This is the technique I use for my commercial projects like the Dolmen Fuzz or Montagne Tremolo:

Coda Effects Montagne Tremolo


UV printing machine are highly expensive, however it is possible possible to lease it. That is what is done by many professional like Kelley Electronics. A solution easily accessible to hobbyist is to use Pedal Parts Plus services.
 
They can UV printing pedals for a reasonable price. However they are based in the US so you  can unfortunately expect some shipping delays and customs issues... Anyway the people there are great and really helpful so I highly recommend it.
  Pros
  • Really good looking
  • Custom design
  • Durable and professional

  Cons
  • Expensive
  • Minimal volumes necessary


There you go! I hope that you liked this post! Show me your best guitar pedal and let's share our ideas on the Coda Effects Facebook page. You can also follow Coda Effects on Instagram.

Relay Bypass: final code

After the crowdfunding campaign, I decided to update the relay bypass code.

Indeed, this first version was nice, but one main drawback that was feedbacked to me is that the switch was activated on release, which was not always very intuitive or easy to handle. Moreover, I wanted to add a "temporary" bypass option in the Montagne Tremolo.

Montange Tremolo Relay Bypass

In this post, I am going to explain a bit the new code and to show you how I did it.

If you have not read my post about Relay Bypass, I highly recommend you to read it before reading this post. All the basics of microcontrollers are presented there.

  Tip! The full code is available on Github. With the relayonpress.c and header.h files, you will have everything needed to code or burn chips.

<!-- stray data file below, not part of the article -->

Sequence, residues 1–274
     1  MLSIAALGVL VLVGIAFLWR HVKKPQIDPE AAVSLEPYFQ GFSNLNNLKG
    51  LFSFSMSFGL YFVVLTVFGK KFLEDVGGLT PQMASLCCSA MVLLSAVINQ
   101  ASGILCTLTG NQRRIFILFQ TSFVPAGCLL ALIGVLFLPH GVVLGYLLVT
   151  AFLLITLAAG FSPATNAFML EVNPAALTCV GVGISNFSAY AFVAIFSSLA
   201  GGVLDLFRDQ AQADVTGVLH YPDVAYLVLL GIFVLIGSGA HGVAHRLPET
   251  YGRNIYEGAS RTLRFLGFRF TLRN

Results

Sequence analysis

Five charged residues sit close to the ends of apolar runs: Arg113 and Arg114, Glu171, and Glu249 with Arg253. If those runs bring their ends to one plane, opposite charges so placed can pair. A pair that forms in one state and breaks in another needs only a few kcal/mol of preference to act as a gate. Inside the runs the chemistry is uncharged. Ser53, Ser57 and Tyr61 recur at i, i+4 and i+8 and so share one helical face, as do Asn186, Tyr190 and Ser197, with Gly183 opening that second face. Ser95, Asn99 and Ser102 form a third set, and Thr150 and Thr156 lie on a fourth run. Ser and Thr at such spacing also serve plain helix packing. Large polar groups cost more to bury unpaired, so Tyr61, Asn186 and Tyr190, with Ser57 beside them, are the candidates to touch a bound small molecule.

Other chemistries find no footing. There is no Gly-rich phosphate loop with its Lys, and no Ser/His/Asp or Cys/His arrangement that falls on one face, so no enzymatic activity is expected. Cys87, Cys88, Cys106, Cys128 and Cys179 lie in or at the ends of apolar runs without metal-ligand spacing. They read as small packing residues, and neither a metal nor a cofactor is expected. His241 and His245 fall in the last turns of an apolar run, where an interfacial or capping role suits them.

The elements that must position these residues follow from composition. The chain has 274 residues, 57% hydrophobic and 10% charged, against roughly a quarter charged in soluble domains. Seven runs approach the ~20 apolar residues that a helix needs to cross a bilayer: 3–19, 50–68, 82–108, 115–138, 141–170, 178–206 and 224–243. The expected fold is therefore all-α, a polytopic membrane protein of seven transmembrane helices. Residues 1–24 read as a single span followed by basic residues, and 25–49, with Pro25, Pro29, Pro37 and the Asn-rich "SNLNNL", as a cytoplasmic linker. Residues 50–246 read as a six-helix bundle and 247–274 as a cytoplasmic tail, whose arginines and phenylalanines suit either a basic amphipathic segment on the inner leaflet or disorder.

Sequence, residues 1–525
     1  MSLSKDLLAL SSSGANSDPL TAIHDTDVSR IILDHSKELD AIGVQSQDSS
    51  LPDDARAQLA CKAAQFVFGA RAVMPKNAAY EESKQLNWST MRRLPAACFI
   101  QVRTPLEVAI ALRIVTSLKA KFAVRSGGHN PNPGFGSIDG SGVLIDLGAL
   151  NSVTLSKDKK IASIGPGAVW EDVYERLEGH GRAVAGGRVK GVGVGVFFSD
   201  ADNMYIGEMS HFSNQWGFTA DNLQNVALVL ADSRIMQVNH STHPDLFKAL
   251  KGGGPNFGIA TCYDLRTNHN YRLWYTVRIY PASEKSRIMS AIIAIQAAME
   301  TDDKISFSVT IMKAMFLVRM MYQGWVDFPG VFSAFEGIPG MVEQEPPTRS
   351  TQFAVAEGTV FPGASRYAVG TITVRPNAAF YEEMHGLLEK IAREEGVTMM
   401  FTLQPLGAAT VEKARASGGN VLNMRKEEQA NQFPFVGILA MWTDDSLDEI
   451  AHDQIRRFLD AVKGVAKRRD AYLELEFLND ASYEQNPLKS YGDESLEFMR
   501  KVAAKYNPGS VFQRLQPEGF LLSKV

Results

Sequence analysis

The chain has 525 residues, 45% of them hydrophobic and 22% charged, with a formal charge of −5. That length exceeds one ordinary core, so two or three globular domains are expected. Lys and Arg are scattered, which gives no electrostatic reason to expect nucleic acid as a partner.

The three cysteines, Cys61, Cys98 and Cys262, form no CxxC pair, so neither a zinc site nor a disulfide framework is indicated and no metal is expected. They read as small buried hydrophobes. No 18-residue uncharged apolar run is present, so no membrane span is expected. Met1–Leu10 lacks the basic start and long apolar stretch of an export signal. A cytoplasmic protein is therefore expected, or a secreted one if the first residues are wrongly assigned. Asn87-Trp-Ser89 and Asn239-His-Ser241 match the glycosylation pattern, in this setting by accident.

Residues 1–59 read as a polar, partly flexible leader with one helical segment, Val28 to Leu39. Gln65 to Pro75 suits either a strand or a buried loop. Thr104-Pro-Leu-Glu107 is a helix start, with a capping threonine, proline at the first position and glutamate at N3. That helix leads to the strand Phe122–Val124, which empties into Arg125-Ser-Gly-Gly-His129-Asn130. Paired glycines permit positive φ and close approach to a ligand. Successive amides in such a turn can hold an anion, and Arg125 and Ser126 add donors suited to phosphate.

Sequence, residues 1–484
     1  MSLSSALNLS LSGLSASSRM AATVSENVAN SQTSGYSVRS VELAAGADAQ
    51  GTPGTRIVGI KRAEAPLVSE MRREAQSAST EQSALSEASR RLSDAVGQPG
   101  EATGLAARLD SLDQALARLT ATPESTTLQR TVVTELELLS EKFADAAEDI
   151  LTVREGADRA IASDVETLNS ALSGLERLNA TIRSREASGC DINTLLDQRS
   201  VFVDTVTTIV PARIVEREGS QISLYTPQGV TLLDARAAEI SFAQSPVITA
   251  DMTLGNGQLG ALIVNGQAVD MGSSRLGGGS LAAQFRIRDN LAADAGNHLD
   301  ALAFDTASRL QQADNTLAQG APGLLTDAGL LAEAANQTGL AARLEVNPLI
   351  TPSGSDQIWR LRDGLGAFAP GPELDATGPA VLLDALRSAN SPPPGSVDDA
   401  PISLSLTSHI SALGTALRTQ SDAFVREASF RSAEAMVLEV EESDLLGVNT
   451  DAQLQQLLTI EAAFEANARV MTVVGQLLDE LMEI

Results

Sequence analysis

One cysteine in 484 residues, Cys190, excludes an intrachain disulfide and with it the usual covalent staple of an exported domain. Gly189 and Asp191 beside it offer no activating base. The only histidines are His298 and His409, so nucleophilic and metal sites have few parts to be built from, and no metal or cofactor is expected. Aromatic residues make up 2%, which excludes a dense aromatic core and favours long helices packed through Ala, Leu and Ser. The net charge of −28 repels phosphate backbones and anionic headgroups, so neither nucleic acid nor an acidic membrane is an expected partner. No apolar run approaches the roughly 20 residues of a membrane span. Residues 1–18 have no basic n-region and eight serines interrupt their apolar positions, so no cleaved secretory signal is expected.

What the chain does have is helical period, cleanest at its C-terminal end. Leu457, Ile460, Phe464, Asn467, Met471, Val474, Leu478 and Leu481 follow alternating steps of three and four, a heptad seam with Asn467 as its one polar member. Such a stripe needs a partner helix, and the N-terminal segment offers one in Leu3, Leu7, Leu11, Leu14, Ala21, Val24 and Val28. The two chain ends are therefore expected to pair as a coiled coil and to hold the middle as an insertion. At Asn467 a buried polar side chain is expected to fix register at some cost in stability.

If you already have a GitHub account, you can Star the project for updates, or Fork it to modify it and make your own Relay Bypass code.

Lets go!

Hakko FX888D: a $100 high quality soldering station

Let's face it: your good old soldering iron is not always the best pal to work with.

I had some troubles with mine: no support to put it when I busy doing something else than soldering, which can be quite dangerous if it falls or burn something. Moreover, the power cord was quite short and not very flexible, so it was not always easy to find a good "spot" for it in order to be perfectly comfortable. Finally, it takes a long time before getting hot enough to solder, and 30W is sometimes a bit low to solder big potentiometer or jack legs.

So I decided to invest a bit in a soldering station.

After reading a lot on the web, I have found this little gem: the Hakko FX888D, a Japanese soldering station that you can find for $96 on Amazon

Here is mine:
Hakko FX888D

14 electronics suppliers for guitar effects (with pros and cons)

Finding good electronics suppliers is a key issue when building guitar effects professionally. Indeed, they play a huge role in traceability and quality of the components (where the components come from and what they are exactly), and also the price of these components. Sometimes, they can also add delays if they are bad with handling orders and shipping it quickly.